Visions of GI Joe and Pop-O-Matic Trouble games danced in our heads.  We drove through quite a few neighborhoods, looking at the light displays, but always ended at our local church.  There we’d reluctantly trudge out into the cold to see the baby Jesus tucked into his manger crib.  My Dad would kneel down, bow his head and pray.  We were restless.  Didn’t he know that we shouldn’t be wasting time like this!  We had a Santa to catch.

After what seemed like an eternity, we completed the slow roll back home.  By then, we were chomping at the bit to see whether he had been to our house yet.  For some reason Dad rang the doorbell to our own home!  Strange.  And when we got in, it was clear that we had, in fact, missed Santa.  Arranged under a tree that sparkled more brightly were packages, bows, huge boxes, or a couple of times, a bike!  Mom could be found in the kitchen, finishing up.  We would run in to persuade her to come into the living room.  Did she see Santa?  Did she hear anything?  She would frequently say, “Well, I did hear some rustling around.”  Once, she said she heard sleigh bells.

It took years in my own faith to eventually see that the real present was of my own Dad’s faith, his simple way of expressing it, his hope that we would catch on.  I had parents who encouraged me to be vigilant for God hidden in unlikely places.  Mom’s complicity in the mysterious magic pointed even more to the shimmering Presence that underlies everything.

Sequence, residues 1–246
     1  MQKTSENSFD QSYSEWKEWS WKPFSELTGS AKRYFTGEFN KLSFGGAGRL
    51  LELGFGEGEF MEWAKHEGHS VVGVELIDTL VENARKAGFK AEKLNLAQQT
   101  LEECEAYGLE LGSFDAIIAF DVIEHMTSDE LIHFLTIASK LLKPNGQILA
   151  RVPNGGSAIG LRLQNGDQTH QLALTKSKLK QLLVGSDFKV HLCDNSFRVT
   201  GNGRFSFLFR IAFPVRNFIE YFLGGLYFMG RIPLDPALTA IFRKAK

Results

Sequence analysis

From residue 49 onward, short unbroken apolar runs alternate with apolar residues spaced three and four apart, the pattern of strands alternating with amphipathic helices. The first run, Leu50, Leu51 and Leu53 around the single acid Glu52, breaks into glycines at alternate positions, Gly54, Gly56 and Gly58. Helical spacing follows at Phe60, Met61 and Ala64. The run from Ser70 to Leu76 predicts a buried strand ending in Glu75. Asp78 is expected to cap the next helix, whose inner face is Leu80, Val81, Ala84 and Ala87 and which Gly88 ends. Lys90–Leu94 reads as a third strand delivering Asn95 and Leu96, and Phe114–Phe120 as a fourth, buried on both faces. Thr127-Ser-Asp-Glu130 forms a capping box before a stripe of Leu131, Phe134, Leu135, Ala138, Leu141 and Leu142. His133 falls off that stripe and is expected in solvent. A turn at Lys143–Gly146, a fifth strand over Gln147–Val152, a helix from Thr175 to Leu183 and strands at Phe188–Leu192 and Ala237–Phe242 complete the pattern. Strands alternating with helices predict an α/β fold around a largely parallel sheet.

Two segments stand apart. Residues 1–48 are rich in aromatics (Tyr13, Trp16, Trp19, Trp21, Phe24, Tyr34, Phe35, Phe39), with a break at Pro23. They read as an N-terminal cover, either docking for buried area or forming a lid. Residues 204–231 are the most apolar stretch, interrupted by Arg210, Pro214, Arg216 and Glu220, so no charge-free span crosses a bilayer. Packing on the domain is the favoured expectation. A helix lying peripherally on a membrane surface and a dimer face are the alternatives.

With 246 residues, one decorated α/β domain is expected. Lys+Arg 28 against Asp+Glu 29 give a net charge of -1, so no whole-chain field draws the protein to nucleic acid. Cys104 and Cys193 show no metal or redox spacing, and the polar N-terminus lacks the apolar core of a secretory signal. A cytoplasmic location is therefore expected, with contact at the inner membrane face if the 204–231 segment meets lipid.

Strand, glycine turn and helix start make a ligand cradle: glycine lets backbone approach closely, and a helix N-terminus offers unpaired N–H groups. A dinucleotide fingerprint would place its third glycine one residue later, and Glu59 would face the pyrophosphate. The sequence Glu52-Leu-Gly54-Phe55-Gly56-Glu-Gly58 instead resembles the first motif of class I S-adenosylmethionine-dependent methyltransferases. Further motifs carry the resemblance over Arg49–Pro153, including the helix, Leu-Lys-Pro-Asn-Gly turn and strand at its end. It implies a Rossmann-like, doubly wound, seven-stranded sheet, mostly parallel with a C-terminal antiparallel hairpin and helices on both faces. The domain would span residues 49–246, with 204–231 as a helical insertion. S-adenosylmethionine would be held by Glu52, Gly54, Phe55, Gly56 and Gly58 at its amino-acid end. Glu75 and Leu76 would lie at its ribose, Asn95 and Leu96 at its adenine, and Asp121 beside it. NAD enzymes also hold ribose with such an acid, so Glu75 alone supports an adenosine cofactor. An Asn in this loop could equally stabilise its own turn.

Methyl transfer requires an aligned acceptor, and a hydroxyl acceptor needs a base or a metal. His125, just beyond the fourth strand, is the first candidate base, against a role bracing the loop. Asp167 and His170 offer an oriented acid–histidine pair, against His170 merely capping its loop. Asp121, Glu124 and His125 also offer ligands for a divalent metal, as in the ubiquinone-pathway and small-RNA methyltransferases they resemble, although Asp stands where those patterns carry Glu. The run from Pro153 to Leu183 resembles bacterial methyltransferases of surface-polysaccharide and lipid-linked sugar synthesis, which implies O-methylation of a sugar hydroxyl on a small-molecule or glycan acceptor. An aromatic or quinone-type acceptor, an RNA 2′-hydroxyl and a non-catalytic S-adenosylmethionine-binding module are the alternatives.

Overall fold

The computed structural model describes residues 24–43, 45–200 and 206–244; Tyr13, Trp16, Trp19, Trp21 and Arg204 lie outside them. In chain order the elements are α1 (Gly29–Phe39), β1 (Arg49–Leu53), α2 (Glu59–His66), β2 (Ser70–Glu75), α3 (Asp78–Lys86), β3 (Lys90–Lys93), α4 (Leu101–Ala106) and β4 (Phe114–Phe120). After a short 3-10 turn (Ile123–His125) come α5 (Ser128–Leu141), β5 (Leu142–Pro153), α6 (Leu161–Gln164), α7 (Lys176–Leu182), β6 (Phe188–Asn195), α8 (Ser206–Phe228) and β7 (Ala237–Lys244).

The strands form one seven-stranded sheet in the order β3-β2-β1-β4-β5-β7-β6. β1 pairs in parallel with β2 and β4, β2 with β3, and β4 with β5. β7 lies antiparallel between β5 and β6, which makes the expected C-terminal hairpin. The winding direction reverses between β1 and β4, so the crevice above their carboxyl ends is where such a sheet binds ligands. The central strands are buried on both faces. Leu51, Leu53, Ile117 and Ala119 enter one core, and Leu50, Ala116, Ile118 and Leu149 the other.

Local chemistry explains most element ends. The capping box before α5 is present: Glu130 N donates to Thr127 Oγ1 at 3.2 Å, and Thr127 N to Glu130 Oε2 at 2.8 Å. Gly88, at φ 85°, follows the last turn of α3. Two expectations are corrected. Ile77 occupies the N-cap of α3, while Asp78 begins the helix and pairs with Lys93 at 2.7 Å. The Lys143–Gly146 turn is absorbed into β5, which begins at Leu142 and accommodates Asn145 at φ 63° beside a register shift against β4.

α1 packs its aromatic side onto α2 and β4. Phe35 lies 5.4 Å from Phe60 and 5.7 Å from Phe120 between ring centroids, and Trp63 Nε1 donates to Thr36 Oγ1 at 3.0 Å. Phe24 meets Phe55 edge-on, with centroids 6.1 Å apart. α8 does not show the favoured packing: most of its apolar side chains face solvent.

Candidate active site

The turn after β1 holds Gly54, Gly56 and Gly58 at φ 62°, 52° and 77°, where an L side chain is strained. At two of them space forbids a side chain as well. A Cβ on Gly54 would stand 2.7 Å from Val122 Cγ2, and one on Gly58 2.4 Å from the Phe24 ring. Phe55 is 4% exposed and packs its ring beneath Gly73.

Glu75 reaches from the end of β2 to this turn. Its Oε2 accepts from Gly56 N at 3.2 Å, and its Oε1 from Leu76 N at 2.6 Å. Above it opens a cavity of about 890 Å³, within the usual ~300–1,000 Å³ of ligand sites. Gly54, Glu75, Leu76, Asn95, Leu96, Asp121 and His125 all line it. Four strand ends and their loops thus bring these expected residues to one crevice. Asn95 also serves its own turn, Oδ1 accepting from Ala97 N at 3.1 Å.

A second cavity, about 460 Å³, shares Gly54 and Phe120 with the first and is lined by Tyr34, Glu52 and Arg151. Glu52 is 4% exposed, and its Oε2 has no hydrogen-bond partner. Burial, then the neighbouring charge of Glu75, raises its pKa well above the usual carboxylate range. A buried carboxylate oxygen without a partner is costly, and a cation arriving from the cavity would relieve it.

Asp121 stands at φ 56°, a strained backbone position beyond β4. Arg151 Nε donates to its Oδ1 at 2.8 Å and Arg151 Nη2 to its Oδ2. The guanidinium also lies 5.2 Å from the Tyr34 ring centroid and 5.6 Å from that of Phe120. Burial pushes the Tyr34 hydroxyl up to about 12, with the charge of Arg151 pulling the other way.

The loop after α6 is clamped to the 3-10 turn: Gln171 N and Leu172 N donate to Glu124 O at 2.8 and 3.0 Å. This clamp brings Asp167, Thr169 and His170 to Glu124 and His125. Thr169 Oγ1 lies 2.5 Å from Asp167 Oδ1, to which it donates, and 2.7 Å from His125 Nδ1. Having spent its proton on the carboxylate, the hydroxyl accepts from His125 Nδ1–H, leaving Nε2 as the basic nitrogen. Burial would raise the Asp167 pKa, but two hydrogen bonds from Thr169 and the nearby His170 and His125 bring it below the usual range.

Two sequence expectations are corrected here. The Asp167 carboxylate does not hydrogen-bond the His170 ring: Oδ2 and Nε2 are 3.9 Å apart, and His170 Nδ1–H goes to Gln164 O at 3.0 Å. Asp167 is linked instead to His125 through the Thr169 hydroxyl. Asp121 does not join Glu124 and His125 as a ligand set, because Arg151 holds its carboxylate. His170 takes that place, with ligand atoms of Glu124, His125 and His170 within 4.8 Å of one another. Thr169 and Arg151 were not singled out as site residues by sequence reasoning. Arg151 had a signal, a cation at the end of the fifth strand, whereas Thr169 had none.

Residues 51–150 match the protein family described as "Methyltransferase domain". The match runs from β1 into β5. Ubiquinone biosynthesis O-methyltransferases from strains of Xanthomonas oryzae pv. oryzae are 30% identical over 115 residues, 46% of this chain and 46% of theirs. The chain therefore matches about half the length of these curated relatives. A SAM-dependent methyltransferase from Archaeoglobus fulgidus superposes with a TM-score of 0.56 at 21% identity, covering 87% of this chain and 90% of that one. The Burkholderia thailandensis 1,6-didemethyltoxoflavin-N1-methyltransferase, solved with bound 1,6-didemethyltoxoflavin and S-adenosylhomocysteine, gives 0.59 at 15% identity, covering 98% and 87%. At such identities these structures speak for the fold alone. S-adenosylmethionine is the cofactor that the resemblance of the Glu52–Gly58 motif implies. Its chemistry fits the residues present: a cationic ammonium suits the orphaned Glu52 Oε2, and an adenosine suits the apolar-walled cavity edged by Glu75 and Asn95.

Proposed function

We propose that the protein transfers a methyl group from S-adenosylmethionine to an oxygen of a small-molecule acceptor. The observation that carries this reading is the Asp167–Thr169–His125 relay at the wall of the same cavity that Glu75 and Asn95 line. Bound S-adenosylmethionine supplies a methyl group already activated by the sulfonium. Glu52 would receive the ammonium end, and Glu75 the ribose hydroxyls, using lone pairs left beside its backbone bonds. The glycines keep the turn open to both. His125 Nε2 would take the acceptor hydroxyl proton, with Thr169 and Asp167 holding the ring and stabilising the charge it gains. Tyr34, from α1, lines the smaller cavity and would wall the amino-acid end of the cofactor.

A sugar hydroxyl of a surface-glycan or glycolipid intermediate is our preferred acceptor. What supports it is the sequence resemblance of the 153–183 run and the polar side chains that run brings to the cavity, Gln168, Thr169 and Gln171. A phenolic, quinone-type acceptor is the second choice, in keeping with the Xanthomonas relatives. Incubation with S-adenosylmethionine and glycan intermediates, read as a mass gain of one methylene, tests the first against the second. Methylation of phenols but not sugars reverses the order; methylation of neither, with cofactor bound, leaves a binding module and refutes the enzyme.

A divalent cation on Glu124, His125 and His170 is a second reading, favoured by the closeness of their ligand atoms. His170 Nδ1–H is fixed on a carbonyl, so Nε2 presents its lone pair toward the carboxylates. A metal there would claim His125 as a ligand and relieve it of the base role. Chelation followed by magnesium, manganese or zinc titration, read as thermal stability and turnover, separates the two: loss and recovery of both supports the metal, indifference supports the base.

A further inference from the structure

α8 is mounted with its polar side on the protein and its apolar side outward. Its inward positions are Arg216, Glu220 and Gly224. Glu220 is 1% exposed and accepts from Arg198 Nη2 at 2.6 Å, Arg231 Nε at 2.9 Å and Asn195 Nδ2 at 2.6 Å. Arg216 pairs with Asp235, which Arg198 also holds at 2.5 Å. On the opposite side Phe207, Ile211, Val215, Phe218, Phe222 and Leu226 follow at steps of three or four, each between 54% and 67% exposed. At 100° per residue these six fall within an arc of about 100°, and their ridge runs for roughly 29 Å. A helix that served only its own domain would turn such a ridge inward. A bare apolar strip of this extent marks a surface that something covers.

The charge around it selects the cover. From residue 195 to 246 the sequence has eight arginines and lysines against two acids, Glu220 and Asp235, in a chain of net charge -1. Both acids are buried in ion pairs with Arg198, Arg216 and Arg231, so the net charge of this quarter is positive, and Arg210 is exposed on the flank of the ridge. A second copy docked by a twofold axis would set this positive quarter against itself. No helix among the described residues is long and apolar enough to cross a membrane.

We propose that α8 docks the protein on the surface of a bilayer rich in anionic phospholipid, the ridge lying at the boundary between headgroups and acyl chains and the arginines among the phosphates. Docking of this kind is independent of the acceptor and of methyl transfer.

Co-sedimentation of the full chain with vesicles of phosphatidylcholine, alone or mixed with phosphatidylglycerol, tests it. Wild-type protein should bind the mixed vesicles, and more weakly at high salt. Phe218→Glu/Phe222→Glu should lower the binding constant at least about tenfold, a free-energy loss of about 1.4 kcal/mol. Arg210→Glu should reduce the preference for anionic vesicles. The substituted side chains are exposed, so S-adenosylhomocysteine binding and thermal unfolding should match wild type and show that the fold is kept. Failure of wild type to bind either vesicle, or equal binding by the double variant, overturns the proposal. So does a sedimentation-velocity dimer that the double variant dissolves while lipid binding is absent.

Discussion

Archives at bottom

Send comments or questions to: sjbfco@franciscan.org

ARCHIVES

Christmas Memories

Fr. Louis Bartko, OFM

Cincinnati, Ohio

Louis Bartko, OFMChristmas of 1947, I was 6 years old and my dad surprised me with my first Lionel Electric Train. It was there, under the tree in Toledo. Of course he bought it for me, but he played with it, too. It brought us closer together and it was something I would have for the next 20 years before I gave it up because I had other things to do. I passed it on to an uncle who knew electric trains and was able to work with them. When he got sick, he was able to sell the trains and use the money to help with his medical bills. In a sense it helped me out, and it helped my dad, and when I passed it on to my uncle, it helped him out, too.

Fr. Page Polk, OFM

Scottsdale, Ariz.

Page Polk, OFMWhen I was growing up in Dallas, we didn’t have much. But we always had real Christmas trees, and that wonderful smell! I had a brother who was very gifted artistically. He was very good with lighting. He would decorate the tree and the house with simple things, angel hair and tinsel. My mother was a great cook. She made cookies, banana nut bread, strawberry banana bread, zucchini bread and pound cakes.

At Christmas we would gather as a family and talk about what we would give those who had helped us during the year: the paper boy, the postman, the milk man. It was the idea that God gave us his Son, so in turn, out of appreciation, what should we give those who helped us? Very often it was the simple things my mother baked, given away as gifts.

Fr. Joe Hund, OFM

New Orleans, La.